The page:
The Amplifier Design
Here is the schematic for the amplifier portion of the Tubelab SE. You will see that it is similar to the third version of the Simple 45. There are only two improvements since then. A potentiometer is added across the cathode resistor of the 5842. This is used to compensate for tube variations. This allows the bias on the 5842 to be adjusted to put the tube in the most linear portion of its curves. The major improvement is the addition of the MOSFET at the grid of the output tube. This turns out to solve a lot of problems that have been present in vacuum tube amplifiers forever. For a detailed explanation of this issue,
The circuit looks complex, but it can be broken down into small pieces.
The input stage (5842) is a simple common cathode amplifier. If you ignore the three parts (the 10M45 chip, 332 ohm and 1K resistors) where the plate load resistor belongs, it looks like any other common cathode amplifier. These 3 parts create a CCS (constant current source). A CCS passes a constant amount of current regardless of the applied voltage. In this case it is 12mA, set by the 332 ohm resistor. A constant current is the ideal load for a triode. By using a CCS the stage gain goes way up and distortion goes way down. I have tried various vacuum tube and solid state CCS circuits. Very few work as good as this, and they are much more complicated.
In many amplifiers the coupling capacitor is simply connected to the grid of the output tube, and a high value (100K up) resistor goes from the grid to the bias network. The evils of this arrangement were documented by Norman Crowhurst over 50 years ago, yet this continues to be a popular design. Just look up the schematic of your favorite 6SN7-300B amp. Several engineers have tried to overcome this problem with novel circuits. The two most common are the interstage transformer and the cathode follower. I have experimented with these circuits, but have found that a MOSFET follower simply works better. The purpose of any of these circuits is to present a high impedance load on the driver and a low impedance source to the grid of the output tube. I called the combination of the CCS and the MOSFET, PowerDrive, for lack of a better name, and in reference to its function. More details are on the PowerDrive page.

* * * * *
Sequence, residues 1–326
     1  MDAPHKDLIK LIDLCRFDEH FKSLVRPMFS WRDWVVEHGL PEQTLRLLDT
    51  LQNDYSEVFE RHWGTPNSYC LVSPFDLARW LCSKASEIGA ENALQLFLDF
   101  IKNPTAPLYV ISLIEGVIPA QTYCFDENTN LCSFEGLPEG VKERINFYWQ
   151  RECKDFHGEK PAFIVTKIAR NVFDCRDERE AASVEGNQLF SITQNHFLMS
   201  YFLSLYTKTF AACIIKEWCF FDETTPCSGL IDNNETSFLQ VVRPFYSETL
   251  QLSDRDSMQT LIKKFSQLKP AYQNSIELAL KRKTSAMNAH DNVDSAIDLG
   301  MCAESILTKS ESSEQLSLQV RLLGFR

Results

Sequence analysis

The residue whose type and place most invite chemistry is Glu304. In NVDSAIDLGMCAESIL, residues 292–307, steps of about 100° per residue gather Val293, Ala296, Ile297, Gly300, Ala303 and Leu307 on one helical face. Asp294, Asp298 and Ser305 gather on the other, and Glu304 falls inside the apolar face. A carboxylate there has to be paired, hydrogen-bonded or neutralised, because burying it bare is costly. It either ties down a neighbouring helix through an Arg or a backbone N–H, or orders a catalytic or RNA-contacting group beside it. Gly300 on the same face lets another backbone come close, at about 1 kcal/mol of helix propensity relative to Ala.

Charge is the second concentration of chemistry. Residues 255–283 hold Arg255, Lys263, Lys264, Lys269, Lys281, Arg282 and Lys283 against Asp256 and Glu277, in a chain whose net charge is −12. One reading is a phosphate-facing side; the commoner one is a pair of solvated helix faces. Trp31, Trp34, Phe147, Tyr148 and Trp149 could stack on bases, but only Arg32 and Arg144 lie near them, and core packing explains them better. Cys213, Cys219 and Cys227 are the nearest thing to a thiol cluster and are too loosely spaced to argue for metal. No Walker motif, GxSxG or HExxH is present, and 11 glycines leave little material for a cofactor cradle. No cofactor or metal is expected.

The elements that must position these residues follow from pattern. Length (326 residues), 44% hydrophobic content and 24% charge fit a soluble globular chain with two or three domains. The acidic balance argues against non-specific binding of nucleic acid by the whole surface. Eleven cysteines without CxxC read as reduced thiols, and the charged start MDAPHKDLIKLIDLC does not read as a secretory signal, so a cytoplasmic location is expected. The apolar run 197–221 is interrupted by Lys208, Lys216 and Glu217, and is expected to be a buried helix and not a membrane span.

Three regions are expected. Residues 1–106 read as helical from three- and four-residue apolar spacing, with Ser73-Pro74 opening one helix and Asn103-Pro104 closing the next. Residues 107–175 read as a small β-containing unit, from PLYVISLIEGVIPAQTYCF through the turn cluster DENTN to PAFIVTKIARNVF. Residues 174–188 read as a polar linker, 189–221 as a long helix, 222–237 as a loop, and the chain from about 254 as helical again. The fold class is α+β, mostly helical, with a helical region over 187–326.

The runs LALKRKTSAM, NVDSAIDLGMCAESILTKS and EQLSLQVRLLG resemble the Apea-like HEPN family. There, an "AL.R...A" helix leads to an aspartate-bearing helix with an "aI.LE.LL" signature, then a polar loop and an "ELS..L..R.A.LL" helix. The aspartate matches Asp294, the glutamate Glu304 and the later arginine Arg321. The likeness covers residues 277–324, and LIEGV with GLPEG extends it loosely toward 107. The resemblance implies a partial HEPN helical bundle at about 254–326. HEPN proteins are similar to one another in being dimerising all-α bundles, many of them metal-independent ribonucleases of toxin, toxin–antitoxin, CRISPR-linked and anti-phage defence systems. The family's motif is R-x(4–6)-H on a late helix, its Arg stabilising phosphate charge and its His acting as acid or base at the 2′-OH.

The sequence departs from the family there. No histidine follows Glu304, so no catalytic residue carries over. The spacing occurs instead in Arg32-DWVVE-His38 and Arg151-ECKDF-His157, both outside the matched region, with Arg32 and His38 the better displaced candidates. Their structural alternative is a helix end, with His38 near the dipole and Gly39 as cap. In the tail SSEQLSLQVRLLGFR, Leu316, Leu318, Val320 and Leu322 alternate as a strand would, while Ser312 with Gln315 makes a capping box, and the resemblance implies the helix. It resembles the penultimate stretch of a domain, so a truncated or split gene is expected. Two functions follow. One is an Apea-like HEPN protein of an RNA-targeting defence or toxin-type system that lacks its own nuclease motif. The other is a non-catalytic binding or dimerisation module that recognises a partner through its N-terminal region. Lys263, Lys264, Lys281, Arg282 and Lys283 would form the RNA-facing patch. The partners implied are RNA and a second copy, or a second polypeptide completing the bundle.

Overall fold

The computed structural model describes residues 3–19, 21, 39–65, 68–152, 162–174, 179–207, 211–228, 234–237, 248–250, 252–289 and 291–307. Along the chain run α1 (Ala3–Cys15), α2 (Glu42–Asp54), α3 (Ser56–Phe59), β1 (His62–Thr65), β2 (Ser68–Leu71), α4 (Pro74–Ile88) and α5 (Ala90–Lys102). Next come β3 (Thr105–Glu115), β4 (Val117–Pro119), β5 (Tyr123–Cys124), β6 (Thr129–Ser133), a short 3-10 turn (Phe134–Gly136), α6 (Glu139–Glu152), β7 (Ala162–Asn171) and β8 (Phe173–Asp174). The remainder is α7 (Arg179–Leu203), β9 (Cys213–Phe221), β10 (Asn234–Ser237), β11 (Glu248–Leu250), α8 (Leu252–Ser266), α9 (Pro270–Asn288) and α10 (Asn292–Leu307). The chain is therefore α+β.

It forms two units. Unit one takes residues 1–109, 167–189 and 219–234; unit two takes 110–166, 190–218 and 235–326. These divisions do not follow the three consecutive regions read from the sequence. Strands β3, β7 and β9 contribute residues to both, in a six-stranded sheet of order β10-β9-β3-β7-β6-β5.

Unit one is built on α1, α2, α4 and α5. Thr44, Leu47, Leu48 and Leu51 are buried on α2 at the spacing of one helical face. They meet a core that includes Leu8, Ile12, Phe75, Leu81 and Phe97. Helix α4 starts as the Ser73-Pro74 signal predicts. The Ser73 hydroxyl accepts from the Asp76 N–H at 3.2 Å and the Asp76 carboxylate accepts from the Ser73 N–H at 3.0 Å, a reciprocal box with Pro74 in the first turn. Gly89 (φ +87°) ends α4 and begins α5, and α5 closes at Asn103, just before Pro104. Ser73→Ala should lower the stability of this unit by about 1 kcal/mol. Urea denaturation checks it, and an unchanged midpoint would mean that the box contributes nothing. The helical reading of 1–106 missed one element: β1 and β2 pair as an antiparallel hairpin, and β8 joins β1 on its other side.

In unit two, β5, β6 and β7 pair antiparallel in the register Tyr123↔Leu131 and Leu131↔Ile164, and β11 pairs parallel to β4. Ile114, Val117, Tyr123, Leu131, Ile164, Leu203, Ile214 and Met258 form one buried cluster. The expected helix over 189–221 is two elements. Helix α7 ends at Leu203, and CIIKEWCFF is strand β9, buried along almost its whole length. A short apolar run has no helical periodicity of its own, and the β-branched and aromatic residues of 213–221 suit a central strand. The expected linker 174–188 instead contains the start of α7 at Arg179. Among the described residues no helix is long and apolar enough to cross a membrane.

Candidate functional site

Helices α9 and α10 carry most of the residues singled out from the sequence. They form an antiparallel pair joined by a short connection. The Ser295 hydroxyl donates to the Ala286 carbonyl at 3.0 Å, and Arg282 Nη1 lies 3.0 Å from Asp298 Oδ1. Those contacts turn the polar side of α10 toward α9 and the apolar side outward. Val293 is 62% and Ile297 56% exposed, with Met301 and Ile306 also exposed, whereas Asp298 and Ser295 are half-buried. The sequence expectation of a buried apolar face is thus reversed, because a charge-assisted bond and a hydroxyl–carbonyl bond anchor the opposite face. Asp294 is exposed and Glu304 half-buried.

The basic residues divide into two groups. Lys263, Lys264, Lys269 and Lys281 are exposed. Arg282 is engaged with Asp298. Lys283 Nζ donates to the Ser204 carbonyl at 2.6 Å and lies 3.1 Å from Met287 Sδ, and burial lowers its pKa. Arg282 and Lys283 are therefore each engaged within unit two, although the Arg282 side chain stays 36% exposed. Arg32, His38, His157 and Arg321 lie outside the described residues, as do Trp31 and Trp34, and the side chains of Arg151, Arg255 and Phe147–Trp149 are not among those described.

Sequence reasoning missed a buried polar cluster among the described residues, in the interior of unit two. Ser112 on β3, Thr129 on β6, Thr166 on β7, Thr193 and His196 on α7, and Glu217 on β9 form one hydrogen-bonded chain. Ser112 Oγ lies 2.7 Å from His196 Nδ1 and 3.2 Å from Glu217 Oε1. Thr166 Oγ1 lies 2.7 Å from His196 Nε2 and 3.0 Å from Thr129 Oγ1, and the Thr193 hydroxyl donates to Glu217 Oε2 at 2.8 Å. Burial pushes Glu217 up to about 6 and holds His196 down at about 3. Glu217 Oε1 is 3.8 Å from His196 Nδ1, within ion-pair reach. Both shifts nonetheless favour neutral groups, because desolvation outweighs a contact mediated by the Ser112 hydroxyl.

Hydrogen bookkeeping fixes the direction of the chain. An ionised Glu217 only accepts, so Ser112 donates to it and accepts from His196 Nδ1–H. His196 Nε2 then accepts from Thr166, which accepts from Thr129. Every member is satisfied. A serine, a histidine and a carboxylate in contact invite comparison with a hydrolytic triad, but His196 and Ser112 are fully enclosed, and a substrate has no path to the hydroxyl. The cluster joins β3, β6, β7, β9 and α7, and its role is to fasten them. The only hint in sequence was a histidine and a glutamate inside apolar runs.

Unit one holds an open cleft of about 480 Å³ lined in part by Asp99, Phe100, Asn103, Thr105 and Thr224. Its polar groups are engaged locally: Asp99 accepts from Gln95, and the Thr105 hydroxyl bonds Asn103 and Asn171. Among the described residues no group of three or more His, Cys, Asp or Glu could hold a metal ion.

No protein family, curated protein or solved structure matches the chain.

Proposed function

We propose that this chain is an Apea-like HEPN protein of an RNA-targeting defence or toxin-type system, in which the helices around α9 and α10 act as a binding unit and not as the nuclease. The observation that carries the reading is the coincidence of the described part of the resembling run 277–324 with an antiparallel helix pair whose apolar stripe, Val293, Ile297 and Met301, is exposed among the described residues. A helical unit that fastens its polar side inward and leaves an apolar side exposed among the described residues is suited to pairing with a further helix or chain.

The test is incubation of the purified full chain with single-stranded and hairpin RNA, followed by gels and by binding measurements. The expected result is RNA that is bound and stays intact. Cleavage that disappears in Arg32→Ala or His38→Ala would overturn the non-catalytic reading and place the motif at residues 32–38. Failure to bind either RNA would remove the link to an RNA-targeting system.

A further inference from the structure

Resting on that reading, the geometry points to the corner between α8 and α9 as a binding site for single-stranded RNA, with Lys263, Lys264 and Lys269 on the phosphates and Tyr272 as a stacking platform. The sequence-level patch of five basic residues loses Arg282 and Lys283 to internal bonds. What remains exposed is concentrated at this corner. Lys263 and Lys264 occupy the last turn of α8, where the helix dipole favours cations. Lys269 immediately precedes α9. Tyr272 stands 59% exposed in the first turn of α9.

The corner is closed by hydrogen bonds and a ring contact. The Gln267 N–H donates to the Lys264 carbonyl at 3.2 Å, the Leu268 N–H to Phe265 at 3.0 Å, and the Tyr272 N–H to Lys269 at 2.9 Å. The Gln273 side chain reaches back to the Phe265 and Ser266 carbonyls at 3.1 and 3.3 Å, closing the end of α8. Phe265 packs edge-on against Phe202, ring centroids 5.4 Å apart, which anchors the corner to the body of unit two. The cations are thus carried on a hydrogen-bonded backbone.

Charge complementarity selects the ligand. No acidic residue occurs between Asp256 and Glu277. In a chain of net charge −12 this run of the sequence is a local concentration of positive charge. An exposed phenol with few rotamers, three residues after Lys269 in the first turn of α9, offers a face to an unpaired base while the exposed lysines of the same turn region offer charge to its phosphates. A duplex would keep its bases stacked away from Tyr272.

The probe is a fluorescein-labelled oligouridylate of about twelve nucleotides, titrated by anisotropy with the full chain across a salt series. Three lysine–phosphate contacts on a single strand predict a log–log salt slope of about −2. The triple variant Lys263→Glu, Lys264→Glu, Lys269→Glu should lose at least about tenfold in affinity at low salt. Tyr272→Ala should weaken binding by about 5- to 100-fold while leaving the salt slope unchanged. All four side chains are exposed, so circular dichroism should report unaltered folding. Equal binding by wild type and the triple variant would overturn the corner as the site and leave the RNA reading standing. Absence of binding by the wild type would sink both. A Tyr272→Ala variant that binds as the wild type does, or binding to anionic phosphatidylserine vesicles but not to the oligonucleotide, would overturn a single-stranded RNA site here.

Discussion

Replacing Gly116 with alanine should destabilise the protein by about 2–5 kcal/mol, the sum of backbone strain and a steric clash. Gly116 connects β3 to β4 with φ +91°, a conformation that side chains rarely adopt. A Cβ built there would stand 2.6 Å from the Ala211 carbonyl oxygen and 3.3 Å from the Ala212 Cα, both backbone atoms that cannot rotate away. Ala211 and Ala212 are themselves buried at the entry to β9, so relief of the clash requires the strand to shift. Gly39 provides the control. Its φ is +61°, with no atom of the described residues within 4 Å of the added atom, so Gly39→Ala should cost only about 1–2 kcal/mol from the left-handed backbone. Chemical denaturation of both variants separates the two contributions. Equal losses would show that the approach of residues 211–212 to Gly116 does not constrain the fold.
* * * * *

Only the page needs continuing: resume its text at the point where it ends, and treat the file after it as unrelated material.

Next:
The output stage is conventional with two exceptions. The grid resistor is much lower than normal. PowerDrive allows this, and the output tube likes the lower resistance. The other exception is the use of DC on the filament. Most "experts" state that DHT's sound better with AC on the filaments. In my testing I found a vague haziness in the sound. I could not hear any hum, but something wasn't right. When I got the FFT analyzer it became obvious. Even though I could null the 60Hz hum out with the balance pot, I was getting intermodulation products from the 60Hz. In other words when you ran a 1000Hz tone through the amp, you got 1000Hz, and 1060Hz and 940Hz out of it. These intermodulation products were not strong, but caused an annoying fogginess to some music. I substituted a DC power supply for the filament transformer and all of this just went away. The final design uses DC for all of the filaments. This has been tried with dozens of tubes of several types, mostly 45's, 2A3's and 300B's.
The Power Supply Design
The on board power supply uses FRED diodes for the bias (negative) voltages. This allows fast startup of the bias supply. The plate (positive) voltages are tube rectified. A 5AR4 is recommended because of it's slow warm up characteristics. This allows all of the amplifier tubes time to warm up before the plate voltage is applied. The plate supply can be choke or capacitor input. There is room for a large power supply cap if you want one (to the left of the volume control), although it doesn't seem to make much difference. Provisions are made for an external bypass capacitor from the B+ side of the output transformer to the output tube filament (ground). An oil cap, a Solen Fast Cap, or a motor run cap may improve the sound. All filaments run on DC, there is no audible hum. There is a voltage regulator to assure that the DHT's receive the correct filament voltage with very low ripple. If it seems that considerable time was spent on the power supply, you are right. The power supply is an integral part of the signal path in an SE amp.
I have switched to a 5 terminal filament regulator made by Sharp. It has a lower dropout voltage. This is needed when using 2A3's with the wimpy Allied transformer and low line voltage. I don't recommend that combination since the Allied transformer is only rated for 3 amps and the 2A3's draw 5, but I sometimes run my Lexan amp with 2A3's and it has the Allied transformer. I have not had any problems yet.
The filament voltage can be set to any voltage from 2 to 5 by changing a resistor value. Jumpers are provided for dual voltage (2.5 or 5 volt) operation.